The point of all this?
As of the All-Star break, the AL ERA is 4.52, which is a Rockies homestand away from the NL figure of 4.47. The AL OPS (766) is also just barely ahead of the NL total (760).
The five-point difference in ERA, and the six-point gap in OPS, are both the lowest figures by far since 1976. This, after the 1999 and 2000 seasons showed the smallest gap between the two leagues since the early 1990s. And while I don't have an easy way of removing pitcher hitting totals in-season, we can infer from previous seasons that, pitcher hitting aside, the average NL hitter has an OPS 15 to 20 points higher than the average AL hitter. This is a significant difference, especially when you consider that this is a trend: since 1998, NL hitters have been gaining steadily on their AL counterparts.
The possible reasons for this are too numerous to mention, but I prefer to keep things simple and look for a single, obvious, measurable cause for this shift. Fortunately, one such cause does in fact exist: the ballparks.
The following list includes every new stadium that opened after the 1998 season. Park factors are calculated from the STATS Major League Handbook, and are based on a score of 1000 for a neutral park, with higher numbers indicating more run scoring (e.g. a factor of 1050 indicates the stadium increases scoring by 5%). Note that these park factors are not the same as the ones Clay Davenport uses for Equivalent Average rankings; those park factors incorporate a team's road games as well as home games. All park factors are based on three-year data, where available.
Year Team Old Stadium Park Factor New Stadium Park FactorThis season, the Brewers moved out of County Stadium (park factor: 985) and into Miller Park, which through the All-Star break has a park factor of 1027. The Pirates have moved from Three Rivers (park factor: 1004) to PNC Park (park factor: 1109).
Break it down, and you have two AL teams moving from parks which were slightly favorable to hitters into the two best pitchers' parks in the league. Of the four NL teams to change parks, only the Giants have moved into a pitchers' park, and Pac Bell is only slightly tougher on hitters than their old digs at Candlestick Point.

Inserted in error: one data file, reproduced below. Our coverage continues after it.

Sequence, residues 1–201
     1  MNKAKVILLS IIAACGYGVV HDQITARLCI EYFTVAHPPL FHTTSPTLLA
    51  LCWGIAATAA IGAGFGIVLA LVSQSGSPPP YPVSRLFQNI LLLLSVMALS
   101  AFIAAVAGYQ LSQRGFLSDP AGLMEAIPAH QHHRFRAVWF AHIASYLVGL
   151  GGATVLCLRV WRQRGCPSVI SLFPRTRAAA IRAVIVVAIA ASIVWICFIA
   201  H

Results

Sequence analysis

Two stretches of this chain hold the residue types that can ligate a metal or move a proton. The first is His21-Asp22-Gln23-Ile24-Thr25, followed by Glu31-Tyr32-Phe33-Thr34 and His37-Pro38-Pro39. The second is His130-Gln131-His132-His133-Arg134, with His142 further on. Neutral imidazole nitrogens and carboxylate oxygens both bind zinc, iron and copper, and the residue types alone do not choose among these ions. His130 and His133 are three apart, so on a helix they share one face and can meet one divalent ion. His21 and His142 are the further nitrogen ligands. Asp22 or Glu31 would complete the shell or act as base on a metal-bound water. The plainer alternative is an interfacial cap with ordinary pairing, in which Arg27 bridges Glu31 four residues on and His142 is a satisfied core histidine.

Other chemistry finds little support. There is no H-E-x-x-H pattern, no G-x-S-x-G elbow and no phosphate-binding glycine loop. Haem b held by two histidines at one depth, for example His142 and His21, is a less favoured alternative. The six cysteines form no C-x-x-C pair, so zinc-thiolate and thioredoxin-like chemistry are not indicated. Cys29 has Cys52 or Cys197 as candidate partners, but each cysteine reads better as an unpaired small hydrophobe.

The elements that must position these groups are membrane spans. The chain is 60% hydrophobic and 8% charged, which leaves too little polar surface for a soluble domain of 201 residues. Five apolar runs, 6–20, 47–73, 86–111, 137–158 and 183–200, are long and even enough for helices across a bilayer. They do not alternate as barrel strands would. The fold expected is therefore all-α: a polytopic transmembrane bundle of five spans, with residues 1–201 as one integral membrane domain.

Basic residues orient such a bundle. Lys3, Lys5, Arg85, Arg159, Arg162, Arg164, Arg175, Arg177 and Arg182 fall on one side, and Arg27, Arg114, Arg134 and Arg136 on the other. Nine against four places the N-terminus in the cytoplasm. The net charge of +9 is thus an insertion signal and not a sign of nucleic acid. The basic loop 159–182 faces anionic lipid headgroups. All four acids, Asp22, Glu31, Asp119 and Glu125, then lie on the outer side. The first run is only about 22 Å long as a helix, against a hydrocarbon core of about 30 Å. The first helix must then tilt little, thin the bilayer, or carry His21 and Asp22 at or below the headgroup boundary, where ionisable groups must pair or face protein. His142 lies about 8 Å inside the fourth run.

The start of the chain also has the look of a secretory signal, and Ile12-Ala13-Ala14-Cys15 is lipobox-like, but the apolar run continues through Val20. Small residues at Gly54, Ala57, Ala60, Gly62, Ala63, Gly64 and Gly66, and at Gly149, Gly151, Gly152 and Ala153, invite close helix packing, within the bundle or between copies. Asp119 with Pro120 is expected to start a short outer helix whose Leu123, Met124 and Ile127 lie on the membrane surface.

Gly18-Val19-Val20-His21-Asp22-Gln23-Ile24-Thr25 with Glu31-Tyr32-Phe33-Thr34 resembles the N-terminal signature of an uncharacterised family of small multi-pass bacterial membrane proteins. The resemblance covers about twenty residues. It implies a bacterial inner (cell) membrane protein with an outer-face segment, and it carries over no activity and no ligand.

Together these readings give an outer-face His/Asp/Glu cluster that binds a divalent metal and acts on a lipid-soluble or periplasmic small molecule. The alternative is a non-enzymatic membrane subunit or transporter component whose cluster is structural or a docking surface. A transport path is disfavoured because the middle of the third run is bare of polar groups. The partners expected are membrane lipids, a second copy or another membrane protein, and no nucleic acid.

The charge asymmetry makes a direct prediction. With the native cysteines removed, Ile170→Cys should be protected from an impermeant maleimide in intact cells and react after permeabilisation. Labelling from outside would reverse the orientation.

The Astros have gone from one of the worst parks (for hitters) in major-league history into one of the best, and the Brewers and Pirates have also made their hitters quite happy with their moves.
We can do a rough estimate of how each of these ballpark shifts have affected the overall rate of scoring in their league. For example, the Astros moved from a park which depressed scoring by 6.9% into a park that increases scoring by 19.4%, an increase (relative to the league average) of 26.3%. Since 1/16th of all NL games are played in Enron Field, that should correspond to a league increase in scoring of about 1.64%. Running the numbers for all six teams:
Team Old PF New PF % Change % Change (League)
Combine the totals for each league, and we can estimate that the overall drop in AL runs scored due solely to the change in ballparks in two AL cities is approximately 2.13%. The estimated increase in NL runs scored as a result of the four new ballparks is roughly 2.31%.
The ratio of AL runs per game to NL runs per game should, therefore, have declined by about 4.5%, once you do the math properly. And in fact, in 1998 the ratio of AL runs per game to NL runs per game was 1.089. This season, that ratio is just 1.027, an overall decline of 6.0%. That leaves 1.5% that we can't explain with our ballpark theory. That could be due to any number of possibilities, the most likely of which is simply natural sample-size variation, also known as a fluke.
But that still means that most of this paradigm shift--a full 75% of it--is not only explainable, but expected. The AL may boast of the DH, but it needs the DH to make up for parks like Comerica and Safeco, especially since the NL counters with parks like Coors, Enron, and PNC. The era of two different leagues playing at two markedly different scoring levels appears to be over.
At least until the next new ballpark opens in a city near you.
Rany Jazayerli is an author of Baseball Prospectus. You can contact him by clicking here.